The Curated Collection on “Literature, Writing, and Anthropology,” edited by Darren Byler and Shannon Dugan Iverson, paired articles from the backfiles of Cultural Anthropology with the texts of five short stories as part of a collaboration with the literary journal American Short Fiction. What follows is a brief interview with one of the featured writers, Kaitlyn Greenidge, as well as a list of links to some of Greenidge’s other projects.
About the Author
Kaitlyn Greenidge is a 2010 graduate of Hunter College's fiction MFA program. She lives in Brooklyn, New York. Her writing has appeared in American Short Fiction, The Believer, Green Mountain Review, and At Length Magazine.
Interview with the Author
Cultural Anthropology: What is important about reading and writing short fiction, in contrast to other genres like memoir, academic writing, or journalism?
Kaitlyn Greenidge: Fiction, at its best, ushers the reader into another person’s consciousness. Now, the consciousness you enter into could, demographically, be similar to your own (you could be a teenage lesbian in Ohio reading a novel about a teenage lesbian in Iowa) but really good fiction shudders and shocks you with the utter strangeness of another person's mind—even someone who ostensibly, on paper, is just like you. At the same time, while you feel this frisson of otherness, good fiction draws out and composes the similarities in human consciousness, so that a reader is able to recognize flashes of their own consciousness across time, country, race, class, sexual orientation: all the myriad, sordid ways that society conspires to divide us.
I believe that fiction is one of the few art forms that not only mimics but also stimulates empathy. I view empathy not so much as an emotion but as an integral and basic part of human interaction and progress (and I mean progress in the grand old historical sense. After disbelieving and disproving the idea of a progressive history for many years, I've now come to the belief that it's a necessary and vital story human beings tell themselves in order to have the will to get up in the morning, finish something small or big, and not drown in despair while doing so). To make social, political, and cultural progress of any kind, there must first be empathy—which, in my opinion, is one of the highest forms of intelligence. Fiction forces the reader to exercise this kind of intelligence and, in that effort, the reader’s capacity for empathy grows. Perhaps they even begin to hunger for it.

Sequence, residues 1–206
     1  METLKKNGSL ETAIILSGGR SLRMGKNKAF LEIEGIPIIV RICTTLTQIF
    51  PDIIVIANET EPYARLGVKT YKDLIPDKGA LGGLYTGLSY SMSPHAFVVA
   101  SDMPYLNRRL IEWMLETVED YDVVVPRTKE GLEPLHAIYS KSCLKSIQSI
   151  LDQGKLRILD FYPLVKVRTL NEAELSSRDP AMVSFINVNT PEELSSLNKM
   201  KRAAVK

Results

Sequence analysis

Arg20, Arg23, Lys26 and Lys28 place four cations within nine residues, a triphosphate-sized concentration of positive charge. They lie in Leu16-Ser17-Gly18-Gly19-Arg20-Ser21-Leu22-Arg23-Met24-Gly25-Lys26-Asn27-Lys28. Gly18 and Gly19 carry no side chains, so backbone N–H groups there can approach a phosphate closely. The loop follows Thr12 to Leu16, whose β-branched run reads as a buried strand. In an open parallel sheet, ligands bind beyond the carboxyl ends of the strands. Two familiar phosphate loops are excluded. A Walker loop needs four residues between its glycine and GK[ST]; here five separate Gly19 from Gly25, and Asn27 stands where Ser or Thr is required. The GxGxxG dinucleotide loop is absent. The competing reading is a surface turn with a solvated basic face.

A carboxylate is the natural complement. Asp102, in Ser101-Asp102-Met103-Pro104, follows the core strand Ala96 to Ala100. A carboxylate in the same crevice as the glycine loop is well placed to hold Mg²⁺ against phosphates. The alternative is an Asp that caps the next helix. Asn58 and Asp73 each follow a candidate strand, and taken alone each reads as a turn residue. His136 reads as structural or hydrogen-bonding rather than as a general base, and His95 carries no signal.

CA: What does fiction reveal about social worlds?
Good fiction takes none of the rules of a social world for granted. Good fiction recognizes that all social rules are arbitrary, and plays in the margins.
I’m not a big fan of fiction that is more concerned with language than story. I love words, it’s true, but I would rather read a book that is made up of a good story than a book that is made up of beautiful sentences but doesn’t really have a plot. That’s just what my mind responds to: I would not suggest that one artistic choice is better than the other. (I say this after just reading and falling in love with Are You My Mother? a book with, ostensibly, no plot. So I'm kind of talking out of the side of my mouth, here).